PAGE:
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Monthly Archives: December 2009

My sister’s (Nancy Williams) book, Yoga Therapy for Every Special Child, is about to be released! Congratulations Nancy! I hope you reach out to many by sharing your program this year and in the years to come.

When Nancy began writing her book, she asked me to illustrate it. I drew and redrew to attempt to tailor my drawing skills to what she needed to best illustrate her text. This consisted of creating  simple line drawings of yoga poses to go along with her approach to yoga therapy for special children. I learned that I needed to push back self-expression and “draw out” the excess lines so the poses would be revealed in an easy illustration for the reader to assimilate.

For more on illustration check out Curious Crow’s new post on the subject.

June Malone has also talked about illustration.

Thank-you to Jay Bastian for his careful tutelage in Photoshop. Without these skills, I would not have known how to submit my drawings digitally.

This is another pose of the Cavalier King Charles spaniel, Danny. The other can be found here. I rested heavily on my drawing as I painted this because I liked the line of it. Just as a side note:  See that patch of blue sky that looks like it has whispy white clouds in it?  I try to do that with skies in my landscape paintings and haven’t been able to get that look since. I think that’s why I love this medium so much. I get this feeling I can never know it all and I like that.

This is a tree in my backyard that I call my “Charlie Brown” tree. When I moved in 8 years ago, I had to remove a wire that the previous owners had placed to support it. They must have been concentrating on other things and the wire became imbedded  in its trunk. With the aid of a local tree service and some extra vigilance, we have been able to help it keep growing.  I thought a portrait of her might be a good way to wish all of you a very Merry Christmas!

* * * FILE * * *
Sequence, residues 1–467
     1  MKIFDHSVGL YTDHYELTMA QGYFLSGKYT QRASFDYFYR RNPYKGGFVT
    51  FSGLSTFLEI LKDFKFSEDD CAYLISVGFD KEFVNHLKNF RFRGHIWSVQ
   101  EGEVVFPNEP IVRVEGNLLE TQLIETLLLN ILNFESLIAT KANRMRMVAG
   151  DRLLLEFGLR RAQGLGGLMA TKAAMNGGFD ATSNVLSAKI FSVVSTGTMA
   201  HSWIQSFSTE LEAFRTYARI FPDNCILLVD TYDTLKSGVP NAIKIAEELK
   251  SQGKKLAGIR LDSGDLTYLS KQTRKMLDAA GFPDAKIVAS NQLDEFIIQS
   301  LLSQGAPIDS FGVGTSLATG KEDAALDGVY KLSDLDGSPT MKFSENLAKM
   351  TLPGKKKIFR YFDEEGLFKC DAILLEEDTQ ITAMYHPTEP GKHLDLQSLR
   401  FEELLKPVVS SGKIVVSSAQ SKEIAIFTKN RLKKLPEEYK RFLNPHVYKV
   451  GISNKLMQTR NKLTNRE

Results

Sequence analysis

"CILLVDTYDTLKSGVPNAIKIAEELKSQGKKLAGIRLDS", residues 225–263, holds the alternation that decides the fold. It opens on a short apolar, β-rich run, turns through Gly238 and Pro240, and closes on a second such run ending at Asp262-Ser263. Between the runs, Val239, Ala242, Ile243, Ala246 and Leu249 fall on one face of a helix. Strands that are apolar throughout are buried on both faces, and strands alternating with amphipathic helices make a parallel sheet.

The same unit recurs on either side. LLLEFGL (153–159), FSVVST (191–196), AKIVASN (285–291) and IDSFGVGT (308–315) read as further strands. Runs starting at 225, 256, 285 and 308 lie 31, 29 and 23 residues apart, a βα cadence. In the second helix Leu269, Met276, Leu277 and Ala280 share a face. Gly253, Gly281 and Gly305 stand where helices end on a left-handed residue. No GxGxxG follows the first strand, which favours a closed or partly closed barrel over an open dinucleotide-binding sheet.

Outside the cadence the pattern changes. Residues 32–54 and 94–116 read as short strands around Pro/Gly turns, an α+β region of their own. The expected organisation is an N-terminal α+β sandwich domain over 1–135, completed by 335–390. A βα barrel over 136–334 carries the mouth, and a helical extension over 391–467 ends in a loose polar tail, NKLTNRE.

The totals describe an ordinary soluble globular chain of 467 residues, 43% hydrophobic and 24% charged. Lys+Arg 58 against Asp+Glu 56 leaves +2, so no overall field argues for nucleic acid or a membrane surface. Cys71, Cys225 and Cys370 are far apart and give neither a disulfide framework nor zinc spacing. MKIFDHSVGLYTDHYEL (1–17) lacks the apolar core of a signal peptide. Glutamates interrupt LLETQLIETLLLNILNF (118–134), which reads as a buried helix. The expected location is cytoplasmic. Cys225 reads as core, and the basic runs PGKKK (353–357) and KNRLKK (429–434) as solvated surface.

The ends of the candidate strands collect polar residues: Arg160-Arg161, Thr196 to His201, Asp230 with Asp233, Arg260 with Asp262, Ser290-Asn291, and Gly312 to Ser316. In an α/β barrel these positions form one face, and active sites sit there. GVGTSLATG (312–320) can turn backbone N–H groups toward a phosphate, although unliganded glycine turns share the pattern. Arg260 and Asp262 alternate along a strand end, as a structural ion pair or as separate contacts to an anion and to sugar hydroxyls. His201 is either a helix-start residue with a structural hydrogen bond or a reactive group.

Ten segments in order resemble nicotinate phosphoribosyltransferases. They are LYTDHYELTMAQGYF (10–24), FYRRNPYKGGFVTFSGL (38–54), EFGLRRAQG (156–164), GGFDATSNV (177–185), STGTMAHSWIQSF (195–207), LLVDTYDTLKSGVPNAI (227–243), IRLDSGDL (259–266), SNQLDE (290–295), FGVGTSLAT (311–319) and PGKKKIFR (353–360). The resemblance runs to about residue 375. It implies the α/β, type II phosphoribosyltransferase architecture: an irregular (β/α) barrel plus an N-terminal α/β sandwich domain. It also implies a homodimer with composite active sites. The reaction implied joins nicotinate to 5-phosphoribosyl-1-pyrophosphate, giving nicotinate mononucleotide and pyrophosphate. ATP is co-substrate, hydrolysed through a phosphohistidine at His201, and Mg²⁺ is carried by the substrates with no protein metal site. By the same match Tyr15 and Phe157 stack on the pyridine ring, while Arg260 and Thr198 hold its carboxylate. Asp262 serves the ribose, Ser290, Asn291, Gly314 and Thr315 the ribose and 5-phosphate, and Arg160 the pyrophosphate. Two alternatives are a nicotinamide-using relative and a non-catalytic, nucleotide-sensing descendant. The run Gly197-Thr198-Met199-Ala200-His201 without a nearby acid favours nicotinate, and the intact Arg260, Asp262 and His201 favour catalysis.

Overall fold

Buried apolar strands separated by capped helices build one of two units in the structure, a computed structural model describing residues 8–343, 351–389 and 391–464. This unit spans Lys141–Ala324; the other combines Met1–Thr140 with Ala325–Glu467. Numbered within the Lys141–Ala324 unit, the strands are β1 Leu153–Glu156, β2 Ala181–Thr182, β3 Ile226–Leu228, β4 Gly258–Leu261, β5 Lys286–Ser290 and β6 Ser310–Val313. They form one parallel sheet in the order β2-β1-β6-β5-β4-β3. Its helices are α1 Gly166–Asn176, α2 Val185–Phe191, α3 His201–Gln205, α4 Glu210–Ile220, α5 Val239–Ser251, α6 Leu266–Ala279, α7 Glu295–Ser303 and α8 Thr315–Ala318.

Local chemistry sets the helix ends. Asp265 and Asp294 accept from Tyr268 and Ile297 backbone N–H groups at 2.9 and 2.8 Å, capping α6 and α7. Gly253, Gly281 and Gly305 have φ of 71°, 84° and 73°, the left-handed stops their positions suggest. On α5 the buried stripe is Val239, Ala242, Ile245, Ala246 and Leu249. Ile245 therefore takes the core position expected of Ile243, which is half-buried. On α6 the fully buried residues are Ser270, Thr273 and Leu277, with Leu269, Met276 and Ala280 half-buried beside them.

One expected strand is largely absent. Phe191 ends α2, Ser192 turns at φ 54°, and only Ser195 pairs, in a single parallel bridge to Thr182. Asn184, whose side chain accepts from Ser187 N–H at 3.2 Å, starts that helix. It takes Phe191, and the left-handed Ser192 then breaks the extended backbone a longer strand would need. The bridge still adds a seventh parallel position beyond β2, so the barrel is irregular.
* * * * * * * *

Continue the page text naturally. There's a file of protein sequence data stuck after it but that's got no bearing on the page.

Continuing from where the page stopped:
Plainview has just written about being a tree hugger here. I think that is a great thing to be!

Al  at Artist Exit O Riverblog has written a wonderful post about an old Cottonwood tree here.

wonder: “The emotion aroused by something awe inspiring, astounding, or marvelous.”                   

The above portrait was done in an evening working primarily wet-on-wet on inexpensive  90 lb cold press paper. This paper does not take readily to layers of  glazes but is fun to work on because it enhances that wet look no matter how you choose to apply the pigment. I like it for short sketches of this nature.

There are times when your friends have more faith in your skills than you do. Always try the challenges they offer you. This is a challenge Tracey offered me. Sammy is her sister’s little dog. I painted her about three years ago and posted her here. Her nick name is “Left Turn” because of the ear she carries out to the side. What better time to post her with her favorite toy, “Hippo”, than at Christmas. From what I hear, she carries it with her everywhere.

Thank-you for the comments on the blue dachshund pup I painted recently. I really worked on the black for this so she didn’t turn out too blue. I used mixtures of red, yellow and blue to create the grays and blacks I used here. In some areas, I dropped neutral tint (a black) to darken it a little more. Be careful when you do this. I’ve found that black looks very chalky and flat without the use of other colors. All in all, this was a significant challenge for me as I have never searched for black in my colors.